The interface between cells and matrices in mineralized tissues formed in vivo has been studied mainly by looking at the matrix surface, which is easily prepared, and not at the cell surface, which presents problems. Vertebrate calcified tissues range from being acellular to highly cellular, but for all the tissues the formative cells lay down and organise a cell-specific matrix, although this may be deposited initially on a different tissue-type. The formation of hard tissues is a group activity of many cells; resorption is the province of one cell, though it may be controlled by others in the vicinity.
Cell-matrix interfaces that develop in vitro have also mainly been studied at the matrix side. The main difficulty with in vitro studies of hard tissue interfaces is that the eel ls do not have the same activity or even cellular functions as they had in vivo under the complex control of physiological regulation. The question of osteoblastic osteoclasis falls into this category.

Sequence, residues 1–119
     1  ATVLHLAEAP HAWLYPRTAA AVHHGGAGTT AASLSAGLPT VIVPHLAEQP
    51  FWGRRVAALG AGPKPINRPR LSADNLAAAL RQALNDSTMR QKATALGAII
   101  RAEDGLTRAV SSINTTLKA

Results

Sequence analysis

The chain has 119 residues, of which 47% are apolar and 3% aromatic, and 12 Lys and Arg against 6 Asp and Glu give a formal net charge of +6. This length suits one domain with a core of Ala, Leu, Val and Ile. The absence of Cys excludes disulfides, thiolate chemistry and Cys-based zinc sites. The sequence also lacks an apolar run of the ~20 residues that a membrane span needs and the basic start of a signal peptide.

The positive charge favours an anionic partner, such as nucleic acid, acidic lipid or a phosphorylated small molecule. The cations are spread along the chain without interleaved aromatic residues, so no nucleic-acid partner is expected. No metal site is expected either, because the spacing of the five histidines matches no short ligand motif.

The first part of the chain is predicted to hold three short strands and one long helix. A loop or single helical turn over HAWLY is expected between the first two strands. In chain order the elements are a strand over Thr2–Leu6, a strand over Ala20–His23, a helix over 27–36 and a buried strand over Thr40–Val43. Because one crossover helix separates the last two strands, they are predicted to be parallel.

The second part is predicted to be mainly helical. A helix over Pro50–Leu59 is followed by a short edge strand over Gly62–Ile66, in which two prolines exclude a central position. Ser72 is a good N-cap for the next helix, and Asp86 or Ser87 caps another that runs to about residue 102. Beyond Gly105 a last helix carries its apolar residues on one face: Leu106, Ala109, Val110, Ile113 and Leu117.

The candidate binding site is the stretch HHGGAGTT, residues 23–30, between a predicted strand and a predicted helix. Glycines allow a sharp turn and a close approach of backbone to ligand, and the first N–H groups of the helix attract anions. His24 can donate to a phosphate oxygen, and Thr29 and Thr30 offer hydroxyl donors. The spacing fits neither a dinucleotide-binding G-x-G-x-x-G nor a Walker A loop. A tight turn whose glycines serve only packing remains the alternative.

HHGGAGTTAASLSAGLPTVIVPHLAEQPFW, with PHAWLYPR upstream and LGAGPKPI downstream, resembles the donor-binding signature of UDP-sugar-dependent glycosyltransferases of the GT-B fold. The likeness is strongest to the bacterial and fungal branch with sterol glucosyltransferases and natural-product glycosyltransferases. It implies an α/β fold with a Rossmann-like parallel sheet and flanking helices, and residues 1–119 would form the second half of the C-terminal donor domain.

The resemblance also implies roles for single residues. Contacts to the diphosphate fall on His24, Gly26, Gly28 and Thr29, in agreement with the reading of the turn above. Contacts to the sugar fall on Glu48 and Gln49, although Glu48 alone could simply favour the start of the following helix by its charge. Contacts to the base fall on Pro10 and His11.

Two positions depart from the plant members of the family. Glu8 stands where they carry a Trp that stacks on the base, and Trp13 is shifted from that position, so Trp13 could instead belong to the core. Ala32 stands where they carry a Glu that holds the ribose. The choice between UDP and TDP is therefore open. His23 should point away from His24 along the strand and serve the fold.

It is possible to provide new substrata for both formative and resorptive hard tissue cells to test for the interaction between the cells and the 'matrix' on to which they are seeded. The changing cell-matrix interface may also be modelled using computer simulation of osteoclastic movement across a substrate based on known patterns exhibited by other cell types in vitro. Comparison with the shapes of complex resorption pits shows a surprising match, This suggests that the track of the osteoclast due to cell motility and the bone resorptive mechanism resulting in pits along that track are likely to be separately controlled phenomena.
Jones, S. J.; Boyde, A.; and Ali, N. N.
"The Interface of Cells and Their Matrices in Mineralized Tissues: A Review,"
Scanning Electron Microscopy: Vol. 1986
, Article 32.
Available at: https://digitalcommons.usu.edu/electron/vol1986/iss4/32